Of the various techniques to treat cancer like chemotherapy and radiation, we have to agree that stem cell therapy holds great prospects. Using a person’s skin as a source of immune cells to strike cancer cells, is exactly what experts at Oxford University have tried their hand at.
Though this technique sounds promising, more theories will be required for its actual implementation. The researchers apparently transformed induced pluripotent stem (iPS) cells into dendritic cells that could be used for clinical trials. They then exposed these cells to components of a melanoma.
“The patient would in effect be treated with their own immune cells to prime an attack on their tumour, but those cells would have been derived from a biopsy of their skin,” cited Dr Paul Fairchild of the Sir William Dunn School of Pathology at Oxford University, who led the work.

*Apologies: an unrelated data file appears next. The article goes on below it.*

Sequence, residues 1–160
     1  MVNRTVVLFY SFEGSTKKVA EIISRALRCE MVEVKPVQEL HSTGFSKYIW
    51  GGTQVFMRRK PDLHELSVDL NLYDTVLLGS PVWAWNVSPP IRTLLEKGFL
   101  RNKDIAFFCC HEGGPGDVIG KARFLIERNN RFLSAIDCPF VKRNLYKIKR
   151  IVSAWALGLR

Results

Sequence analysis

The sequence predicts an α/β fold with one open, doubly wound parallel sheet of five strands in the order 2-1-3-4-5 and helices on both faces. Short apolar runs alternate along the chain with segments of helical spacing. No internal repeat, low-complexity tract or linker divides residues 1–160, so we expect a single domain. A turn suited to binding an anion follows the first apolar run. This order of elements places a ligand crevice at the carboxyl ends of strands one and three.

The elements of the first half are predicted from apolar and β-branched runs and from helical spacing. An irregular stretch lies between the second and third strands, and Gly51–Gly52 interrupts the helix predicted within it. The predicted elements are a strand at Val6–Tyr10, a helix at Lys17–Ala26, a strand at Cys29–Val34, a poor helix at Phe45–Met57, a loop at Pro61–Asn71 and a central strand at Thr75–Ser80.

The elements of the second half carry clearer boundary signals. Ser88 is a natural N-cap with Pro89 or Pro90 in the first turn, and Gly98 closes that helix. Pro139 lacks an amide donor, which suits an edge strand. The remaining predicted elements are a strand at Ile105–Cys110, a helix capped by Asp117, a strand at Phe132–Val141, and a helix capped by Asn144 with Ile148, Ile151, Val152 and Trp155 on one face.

The outcomes showed that the dendritic cells laced with components of melanoma seemingly stimulated a thorough immune response to melanoma markers in cultured cells used in the experiment. According to the scientists, many effects of chemotherapy can be surpassed by using the patient’s skin cells for treatment.
The lab-grown cells may be used as a continuous source of immune cells for multiple sessions of cell therapy. Moreover, this research has unfolded a stem cell approach that results in the production of dendritic cells which possibly spur an antibody and a T-cell immune response.
However, the scientists concluded that immune cell therapy of this nature will be subject to use only when other treatments are showing no effect. The analysis is published in the journal, Gene Therapy.